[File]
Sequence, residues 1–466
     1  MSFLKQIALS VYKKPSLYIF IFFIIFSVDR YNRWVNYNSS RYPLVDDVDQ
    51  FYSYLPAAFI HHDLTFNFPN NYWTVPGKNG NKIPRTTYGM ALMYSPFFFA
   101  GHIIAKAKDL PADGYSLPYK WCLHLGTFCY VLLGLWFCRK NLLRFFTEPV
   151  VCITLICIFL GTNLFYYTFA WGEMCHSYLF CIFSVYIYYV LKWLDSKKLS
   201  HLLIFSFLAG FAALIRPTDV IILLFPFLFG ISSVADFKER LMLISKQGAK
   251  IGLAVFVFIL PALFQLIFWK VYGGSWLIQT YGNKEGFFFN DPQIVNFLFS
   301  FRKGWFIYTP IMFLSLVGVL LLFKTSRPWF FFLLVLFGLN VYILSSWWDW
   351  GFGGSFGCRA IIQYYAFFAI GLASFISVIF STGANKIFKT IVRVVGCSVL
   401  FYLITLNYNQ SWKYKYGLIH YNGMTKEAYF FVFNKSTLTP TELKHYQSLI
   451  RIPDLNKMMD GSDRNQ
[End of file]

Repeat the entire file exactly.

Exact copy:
Sequence, residues 1–466
     1  MSFLKQIALS VYKKPSLYIF IFFIIFSVDR YNRWVNYNSS RYPLVDDVDQ
    51  FYSYLPAAFI HHDLTFNFPN NYWTVPGKNG NKIPRTTYGM ALMYSPFFFA
   101  GHIIAKAKDL PADGYSLPYK WCLHLGTFCY VLLGLWFCRK NLLRFFTEPV
   151  VCITLICIFL GTNLFYYTFA WGEMCHSYLF CIFSVYIYYV LKWLDSKKLS
   201  HLLIFSFLAG FAALIRPTDV IILLFPFLFG ISSVADFKER LMLISKQGAK
   251  IGLAVFVFIL PALFQLIFWK VYGGSWLIQT YGNKEGFFFN DPQIVNFLFS
   301  FRKGWFIYTP IMFLSLVGVL LLFKTSRPWF FFLLVLFGLN VYILSSWWDW
   351  GFGGSFGCRA IIQYYAFFAI GLASFISVIF STGANKIFKT IVRVVGCSVL
   401  FYLITLNYNQ SWKYKYGLIH YNGMTKEAYF FVFNKSTLTP TELKHYQSLI
   451  RIPDLNKMMD GSDRNQ